6 Tips For Stress Free Family Meals

October 23, 2020

Picky Eating 101: 6 Tips For Stress Free Family Meals

Navigating mealtimes with a picky eater can create a stressful environment for all parties. As a parent, you want to fulfill your role as a health promoter, role model, and educator when it comes to mealtimes and eating (10). There are a few common concerns that arise from parents of picky eaters: believing their picky eater isn’t consuming enough food or being viewed as too skinny as well as concerns of nutrient deficiencies if a picky eater only wants to eat junk foods (1). While concern for your child comes from a place of ensuring healthy nutrition and growth, many actions aimed to mediate the issue of picky eating can actually enforce those exact unwanted food behaviors. This occurs in the worry cycle when a parent’s reaction to a feeding challenge translates to added worry and counterproductive feeding pressures, ultimately increasing the picky eater’s resistance to foods (6). Parental practices and differing parenting styles can affect food consumption, specifically, pressure.

What is Mealtime Pressure?

As a parent, can you relate to these measures of pressure? One, “my child should always eat all of the food on their plate” (4). Two, “I have to be careful to make sure my child eats enough”. Three, “If my child says, ‘I’m not hungry,’ I try to get them to eat anyways” (4). Picky eating development and what’s known as the Pressure Paradox are closely related. Multiple studies suggest that child who received pressure to eat consumed fewer fruits and vegetables, increasing dislike of those food groups (4). With added pressure, short term wins can create long term losses.  The pressure paradox as introduced in the Sensory Food Play post explains how kids can learn to eat for the wrong reasons, have decreased appetite from anxiety, and even reduced overall liking of foods (6). Typical food avoidance shown by young children can develop into picky eating due to parental pressures or control (9).

Examples of Pressure

  • Emotional: “Be good and eat your dinner I made just for you” (2).
  • Rules: “You have to take ____ bites of each food” (2).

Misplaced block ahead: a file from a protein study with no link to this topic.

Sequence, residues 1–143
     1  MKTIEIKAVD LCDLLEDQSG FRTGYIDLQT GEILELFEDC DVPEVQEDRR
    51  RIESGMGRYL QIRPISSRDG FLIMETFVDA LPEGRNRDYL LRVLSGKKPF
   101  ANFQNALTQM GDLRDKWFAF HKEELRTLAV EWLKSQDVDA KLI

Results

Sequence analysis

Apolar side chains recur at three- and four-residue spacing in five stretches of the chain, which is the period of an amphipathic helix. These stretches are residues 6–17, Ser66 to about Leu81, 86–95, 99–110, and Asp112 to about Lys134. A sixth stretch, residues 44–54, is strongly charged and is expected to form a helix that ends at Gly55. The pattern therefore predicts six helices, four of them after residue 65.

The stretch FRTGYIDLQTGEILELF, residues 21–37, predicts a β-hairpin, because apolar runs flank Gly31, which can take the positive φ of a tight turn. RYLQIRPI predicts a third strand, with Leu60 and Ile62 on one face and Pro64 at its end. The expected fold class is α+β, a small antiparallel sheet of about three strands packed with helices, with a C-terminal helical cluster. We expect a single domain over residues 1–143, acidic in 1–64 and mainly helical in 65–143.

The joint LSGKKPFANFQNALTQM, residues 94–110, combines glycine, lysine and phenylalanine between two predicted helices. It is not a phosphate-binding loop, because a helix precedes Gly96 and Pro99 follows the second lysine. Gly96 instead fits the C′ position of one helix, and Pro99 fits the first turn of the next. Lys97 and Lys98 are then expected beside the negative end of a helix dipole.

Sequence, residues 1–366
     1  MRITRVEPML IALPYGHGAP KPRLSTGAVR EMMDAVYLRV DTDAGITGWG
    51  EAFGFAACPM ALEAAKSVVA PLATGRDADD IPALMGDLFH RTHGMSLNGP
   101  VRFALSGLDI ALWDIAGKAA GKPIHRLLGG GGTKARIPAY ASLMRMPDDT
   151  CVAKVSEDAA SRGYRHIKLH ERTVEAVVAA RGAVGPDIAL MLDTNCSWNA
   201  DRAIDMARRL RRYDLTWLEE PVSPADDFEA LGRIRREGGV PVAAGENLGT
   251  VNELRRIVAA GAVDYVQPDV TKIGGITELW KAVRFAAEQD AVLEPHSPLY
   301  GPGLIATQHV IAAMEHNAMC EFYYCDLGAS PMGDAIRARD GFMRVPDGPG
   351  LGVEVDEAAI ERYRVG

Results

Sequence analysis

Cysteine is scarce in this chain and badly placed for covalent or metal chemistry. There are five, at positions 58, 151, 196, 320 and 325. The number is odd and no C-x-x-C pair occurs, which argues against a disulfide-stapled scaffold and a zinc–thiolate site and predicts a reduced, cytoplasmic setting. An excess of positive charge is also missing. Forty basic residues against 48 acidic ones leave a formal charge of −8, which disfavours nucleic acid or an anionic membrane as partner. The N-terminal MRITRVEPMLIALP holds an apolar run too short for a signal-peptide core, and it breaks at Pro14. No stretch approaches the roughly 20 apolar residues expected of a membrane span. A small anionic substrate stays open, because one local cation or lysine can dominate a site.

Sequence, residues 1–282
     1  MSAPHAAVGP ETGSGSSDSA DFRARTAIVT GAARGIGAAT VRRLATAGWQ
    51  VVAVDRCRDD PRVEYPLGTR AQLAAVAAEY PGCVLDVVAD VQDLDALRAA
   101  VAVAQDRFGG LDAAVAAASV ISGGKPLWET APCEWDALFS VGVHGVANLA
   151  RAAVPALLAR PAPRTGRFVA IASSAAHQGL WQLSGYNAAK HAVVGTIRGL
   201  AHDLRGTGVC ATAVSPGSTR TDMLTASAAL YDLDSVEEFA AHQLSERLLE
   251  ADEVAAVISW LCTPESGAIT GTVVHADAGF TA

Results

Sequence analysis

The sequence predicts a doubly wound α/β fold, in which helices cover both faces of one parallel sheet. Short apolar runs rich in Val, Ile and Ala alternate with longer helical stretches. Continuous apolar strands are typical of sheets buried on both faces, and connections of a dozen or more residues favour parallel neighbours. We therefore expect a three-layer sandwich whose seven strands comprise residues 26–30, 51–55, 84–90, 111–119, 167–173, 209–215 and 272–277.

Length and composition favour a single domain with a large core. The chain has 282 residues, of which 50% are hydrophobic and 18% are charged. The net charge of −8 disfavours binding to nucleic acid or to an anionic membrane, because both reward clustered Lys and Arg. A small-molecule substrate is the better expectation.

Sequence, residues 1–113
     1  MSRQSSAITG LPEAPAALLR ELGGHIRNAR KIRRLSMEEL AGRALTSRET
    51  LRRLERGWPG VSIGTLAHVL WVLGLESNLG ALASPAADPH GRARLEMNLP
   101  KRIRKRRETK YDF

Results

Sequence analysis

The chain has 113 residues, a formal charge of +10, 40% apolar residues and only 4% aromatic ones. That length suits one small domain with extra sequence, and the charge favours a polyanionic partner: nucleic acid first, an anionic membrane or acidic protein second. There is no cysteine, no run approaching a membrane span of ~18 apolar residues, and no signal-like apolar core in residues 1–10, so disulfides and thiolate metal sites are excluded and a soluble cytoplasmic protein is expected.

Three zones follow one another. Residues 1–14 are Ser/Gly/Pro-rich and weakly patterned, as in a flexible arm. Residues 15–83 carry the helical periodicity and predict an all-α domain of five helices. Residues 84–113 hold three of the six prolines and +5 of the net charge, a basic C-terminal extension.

• Distraction: The use of electronics, such as an iPad, during meals (6).
  • Punishments: “You can’t play your favorite game unless you finish your ____” (2).
  • Bribes or Rewards: “If you eat everything on your plate, you will get ____”(2).

If eating healthier foods is the way to a reward or activity, eating can become a chore holding unwanted negative associations or feelings (10). Additionally, tools such as electronics or a parent’s constant reminders will not always be available. This can create another barrier if food habits become dependent on incentives or the parent (6). Pressure comes in many forms; a good exercise is to ask yourself why you are acting when it comes to feeding practices. If it is to change your child’s eating patterns, like quantity or type of food consumed than they would typically eat willingly, it is considered pressure (8).

Parent vs Child Feeding Roles

To avoid counterproductive mealtime pressure, it can be helpful to first understand the traditional feeding roles of both the parent and child. To summarize, the parent is responsible for what, when, and where (7). As a guardian, you are able to choose what types of food to offer, how they are prepared or purchased, and the mealtime schedule. A key role as a parent is to be a step by step example of mealtime and eating behaviors for your picky eater to learn from (7). The child, however, is responsible for how much and whether (7). This means they can determine the amount of food they will eat and whether or not they try all of the offered food items on their plate. While this may seem scary, especially to a parent concerned about a picky eater’s eating patterns, accepting that your child will eat the amount they need is important. Again, your picky eater will learn how to eat and behave at mealtimes by following the parental lead.

6 Tips for Stress Free Family Meals

  • Model the goal behavior for your child (if you want them to eat their veggies, you need to be eating veggies too!)
  • Focus on discussing how things taste, look or crunch instead of how many bites your child is eating.
  • Keep your family on a meal and snack schedule to provide predictable availability to foods.
  • Trust your child when they say they’ve had enough.
  • To minimize food waste start with smaller portions and then allow for seconds/thirds as you’re able
  • Take a deep breath, and focus on enjoying your family time.